Week 7: How To Be a Man (and How Not To Be One).

Friday Night Lights, Season 4

Week 7: How To Be a Man (and How Not To Be One).

Friday Night Lights, Season 4

Week 7: How To Be a Man (and How Not To Be One).
Talking television.
June 19 2010 7:55 AM

Friday Night Lights, Season 4

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Taylor Kitsch as Tim Riggins.

Well, Meghan, we finally got our dose of reality from the has-been Tim Riggins. It wasn't quite Rabbit, Run, but it was a nice outpouring of old grievance and rage. Tim overhears Becky's dad, who has come for a visit, talking on the phone to the person who is obviously his other lady in Seattle. He confronts the dad for leading Becky to believe that he might one day move back to Dillon: "The funny thing is, you don't give a damn about your daughter," says Tim, and then they are going at it, rolling in the mud. He is defending the lady's honor, as Riggins is sometimes wont to do. But this time, he rubs the lady's face in it. In an uncharacteristic lapse of chivalry, Riggins later confronts Becky at a party about her dad. "He's not coming back," he tells her, and keeps pressing the point, even after she cries and begs him to stop.

At this point, the lecture on deadbeat dads is no longer about Becky but about Riggins. "This is what they do, your dad, my dad. They leave and they don't come back." In this moment and several others, the episode gave us a pretty explicit referendum on manhood and the many way to fail or succeed at it. Billy Riggins is tested in his ability to provide for his pregnant wife and then rescued by a sisterhood of entrepreneurial strippers. Vince and Eric spar over whether manhood requires owning a gun or building a future. Luke's dad has a very narrow definition of filial duty—stay home from school and build a fence. And then Glenn—horny, dorky Glenn—imagines himself to be a total brute of a man when he is of course the exact opposite. And Riggins pledges to fulfill his patriarchal duties faithfully and forever to his new … puppy.

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In Eric's construction, being a man means making decisions. He never talks about role models or historical examples or carefully considering the options. The right path is obvious; you just have to be man enough to take it. "It's clear what has got to be done," he tells Vince. "You got to make a decision." The conversation between him and Vince was quite well done, I thought. Vince tries the old you ain't my father tack, and the cliché that if he got injured, Coach would just find another guy who can run fast and throw. And Coach gives him the perfect answer. He doesn't pretend he cares, or that he can't find another quarterback. He makes Vince see that their interests are the same and that there is only one way for both of them to move forward. And, of course, a couple of scenes later, Vince shows up at the Taylors' house with the gun in a paper bag and hands it over. (Emily, I will leave it to you to tell us whether Eric should have let the cops search Vince's locker and whether they had any right to.)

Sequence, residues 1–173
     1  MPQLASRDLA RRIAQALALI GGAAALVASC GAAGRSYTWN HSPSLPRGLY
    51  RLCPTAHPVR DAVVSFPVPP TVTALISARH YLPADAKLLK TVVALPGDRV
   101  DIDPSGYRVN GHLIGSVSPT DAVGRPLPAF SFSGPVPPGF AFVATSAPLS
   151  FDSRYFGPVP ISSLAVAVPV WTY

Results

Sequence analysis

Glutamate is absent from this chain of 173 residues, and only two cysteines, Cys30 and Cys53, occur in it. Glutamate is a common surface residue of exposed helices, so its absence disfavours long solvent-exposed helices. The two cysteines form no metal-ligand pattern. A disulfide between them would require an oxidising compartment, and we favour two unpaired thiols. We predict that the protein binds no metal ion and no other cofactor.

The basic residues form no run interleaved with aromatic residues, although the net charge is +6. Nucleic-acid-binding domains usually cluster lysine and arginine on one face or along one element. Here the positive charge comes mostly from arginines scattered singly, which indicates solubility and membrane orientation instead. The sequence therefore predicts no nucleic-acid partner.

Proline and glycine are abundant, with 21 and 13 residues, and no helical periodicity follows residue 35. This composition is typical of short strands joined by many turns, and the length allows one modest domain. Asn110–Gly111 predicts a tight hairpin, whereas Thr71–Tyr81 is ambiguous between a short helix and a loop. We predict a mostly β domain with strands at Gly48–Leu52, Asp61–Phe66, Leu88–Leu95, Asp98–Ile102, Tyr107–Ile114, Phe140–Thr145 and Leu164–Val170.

The plotline with Glenn, meanwhile, plays as the comic opposite. As it progresses, teachers' karaoke night just gets better and better. I especially want to commend whoever cast that group of teachers, with their red sweaters and "fancy" silk party blouses. Glenn gets drunk and belts out some Simple Minds and then later, kisses Tami. The look she gives him—not shocked or offended but disappointed and pitying—is a killer, especially since she is looking so good with her bare legs and cowboy boots. But the best of course is his apology later. "I mouth-raped you," he laments, and then calls himself a "Neanderthal, unevolved caveman." This Apatowian character dropped in the middle of Dillon, Texas makes for such priceless, cringing comedy. I can't wait until Eric finds out that Glenn made a move on his wife and has to decide whether it's even worth punching the twerp.

Hanna Rosin Hanna Rosin

Hanna Rosin is the co-host of NPR’s Invisibilia and a founder of DoubleX. She is also the author of The End of Men. Follow her on Twitter.

Where Matt, the wanderer, fits into all this is hard to say. He, too, has abandoned a woman, but it's not his daughter. He calls his mom and his grandma but not his girlfriend. The message here seems to be that the artist formerly known as Dick was right. An artist, like a man, has to make his decision. It's between him and his will, and a woman does not come between that.

One final observation about Vince's mother: You show me a crackhead who talks like she graduated from Vassar, and I'll show you an honest man. She has moved to the bottom of my list of favorite minor characters. Meanwhile, topping the list this week is Tinker. "You dead or something?" he says to Luke, who is falling asleep on his lunch tray. "This whole drunk-out wino thing in the cafeteria will get you nowhere with the ladies, dude." That's a nice little dose of TheWire, high-school style.